Restarting a stopped heart
When a student passed out on campus, Jay Altura, Invigilator for the SAIT testing centre, took quickly to her side.
When the student — a distance learner who wishes to remain unnamed — stopped breathing, Altura's mind raced to the training he received through SAIT just eight days earlier.
"I thought this is probably a good thing to have, right?" says Altura about his decision to join several of his colleagues in lifesaving training with the Heart and Stroke Foundation. "I never thought I was going to use it — not that soon anyway."
The woman's pulse stopped and Altura called for the Automated External Defibrillator machine and began CPR even though his right arm was still healing in a cast from a bad break two months prior. Altura says the adrenalin of the moment kept any pain far from his mind as he worked to get the student's heart beating once again.
Vicki Miller, Learning Strategist and Academic Coach at the Lamb Learner Success Centre, arrived at the scene shortly after Altura initiated CPR and kneeled across from him to count compressions and help in any way she could.
Miller had attended the recent Lifesaving course along with Altura despite having taken similar training in the past.
"Because the training was so fresh, I felt empowered to be a support to a critical situation," says Miller.
Altura performed CPR on the student for several minutes before the paramedics arrived and took over. Thanks to Altura's fast action, the student gained consciousness before she was taken away to hospital.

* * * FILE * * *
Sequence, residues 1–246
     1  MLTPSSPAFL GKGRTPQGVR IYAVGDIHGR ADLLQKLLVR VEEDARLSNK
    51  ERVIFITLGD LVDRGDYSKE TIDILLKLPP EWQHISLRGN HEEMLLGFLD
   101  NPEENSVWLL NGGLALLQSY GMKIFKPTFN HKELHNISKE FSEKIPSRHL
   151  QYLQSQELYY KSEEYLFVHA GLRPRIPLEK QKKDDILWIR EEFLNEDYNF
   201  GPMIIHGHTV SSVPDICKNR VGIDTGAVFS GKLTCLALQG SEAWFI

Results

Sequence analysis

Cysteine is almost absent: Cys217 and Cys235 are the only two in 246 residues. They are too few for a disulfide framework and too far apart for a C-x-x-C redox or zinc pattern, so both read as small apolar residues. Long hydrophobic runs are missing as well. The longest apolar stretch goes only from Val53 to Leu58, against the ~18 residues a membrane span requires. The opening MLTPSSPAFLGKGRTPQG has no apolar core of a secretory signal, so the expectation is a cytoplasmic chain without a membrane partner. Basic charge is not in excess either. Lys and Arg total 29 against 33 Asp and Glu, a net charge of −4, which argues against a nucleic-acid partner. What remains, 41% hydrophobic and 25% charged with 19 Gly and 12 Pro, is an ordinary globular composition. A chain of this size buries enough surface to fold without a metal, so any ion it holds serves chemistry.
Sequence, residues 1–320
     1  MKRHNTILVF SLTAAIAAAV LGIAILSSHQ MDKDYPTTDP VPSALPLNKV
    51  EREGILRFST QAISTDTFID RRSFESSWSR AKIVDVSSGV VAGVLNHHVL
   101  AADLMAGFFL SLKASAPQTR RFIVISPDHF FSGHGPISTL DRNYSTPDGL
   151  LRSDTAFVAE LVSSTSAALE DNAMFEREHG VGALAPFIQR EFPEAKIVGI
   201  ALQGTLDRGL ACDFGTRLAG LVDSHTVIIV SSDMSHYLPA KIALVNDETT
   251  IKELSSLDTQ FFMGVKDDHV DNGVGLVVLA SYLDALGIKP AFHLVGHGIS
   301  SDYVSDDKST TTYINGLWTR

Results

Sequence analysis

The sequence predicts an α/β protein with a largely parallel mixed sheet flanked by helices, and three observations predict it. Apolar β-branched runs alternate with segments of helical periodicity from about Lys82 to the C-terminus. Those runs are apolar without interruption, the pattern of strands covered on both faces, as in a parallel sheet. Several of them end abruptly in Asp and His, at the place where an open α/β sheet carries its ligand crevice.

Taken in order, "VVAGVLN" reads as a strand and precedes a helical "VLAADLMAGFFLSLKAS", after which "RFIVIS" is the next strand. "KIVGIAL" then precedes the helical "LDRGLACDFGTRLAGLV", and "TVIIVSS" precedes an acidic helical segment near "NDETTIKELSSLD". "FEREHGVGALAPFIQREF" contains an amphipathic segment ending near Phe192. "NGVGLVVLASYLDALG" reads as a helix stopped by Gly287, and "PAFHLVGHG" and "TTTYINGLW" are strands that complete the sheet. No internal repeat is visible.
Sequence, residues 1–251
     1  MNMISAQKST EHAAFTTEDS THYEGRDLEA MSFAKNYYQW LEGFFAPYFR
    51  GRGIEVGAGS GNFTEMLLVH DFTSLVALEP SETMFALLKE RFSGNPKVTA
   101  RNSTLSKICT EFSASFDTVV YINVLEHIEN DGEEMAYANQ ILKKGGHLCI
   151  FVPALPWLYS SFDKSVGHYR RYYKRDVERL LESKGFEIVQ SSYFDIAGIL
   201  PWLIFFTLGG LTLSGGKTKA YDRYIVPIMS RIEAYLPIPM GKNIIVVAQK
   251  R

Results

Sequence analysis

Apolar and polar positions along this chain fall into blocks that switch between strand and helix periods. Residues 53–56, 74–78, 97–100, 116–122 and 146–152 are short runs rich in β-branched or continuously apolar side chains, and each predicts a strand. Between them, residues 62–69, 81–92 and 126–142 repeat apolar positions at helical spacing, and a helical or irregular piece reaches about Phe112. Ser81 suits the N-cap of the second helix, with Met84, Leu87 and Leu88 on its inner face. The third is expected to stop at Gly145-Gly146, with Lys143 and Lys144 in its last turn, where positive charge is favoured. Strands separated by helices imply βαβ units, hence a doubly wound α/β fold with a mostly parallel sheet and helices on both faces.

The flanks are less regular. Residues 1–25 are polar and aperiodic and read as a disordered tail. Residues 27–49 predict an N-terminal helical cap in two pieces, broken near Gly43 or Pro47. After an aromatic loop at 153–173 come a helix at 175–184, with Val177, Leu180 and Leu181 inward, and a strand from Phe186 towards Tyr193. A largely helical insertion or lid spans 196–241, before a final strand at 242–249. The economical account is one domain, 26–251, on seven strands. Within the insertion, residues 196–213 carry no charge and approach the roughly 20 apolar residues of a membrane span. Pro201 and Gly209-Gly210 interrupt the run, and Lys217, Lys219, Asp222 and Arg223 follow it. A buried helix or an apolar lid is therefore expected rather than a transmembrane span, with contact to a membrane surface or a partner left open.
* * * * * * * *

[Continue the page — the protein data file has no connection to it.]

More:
"I was so relieved she was OK," says Altura. "Now it's something I'm actually really proud of — that I was able to do that."
Miller says the recent CPR training was an asset to how the situation was handled.
"Jay did such a great job," says Miller. "We were scared in the moment, and we panicked, but because we had that skill set to turn to, we didn't keep panicking."
The Lifesaver Award
Dr. Allen Billy, Dean of the School of Health and Public Safety, says members of the SAIT community save lives more often than you may think, so he's set out to create a SAIT Lifesaver Award.
Details surrounding the award are still being worked out, but Billy says all members of the SAIT community will be eligible.
"The award is to reinforce a culture where people step up in stressful and scary situations," says Billy. "Jay intervened and did the right thing. He brought someone back from a critical situation — that's really special."
SAIT offers a number of CPR and first aid training courses in partnership with the Heart and Stroke Foundation and Alberta Workplace Health and Safety.
May 1, 2015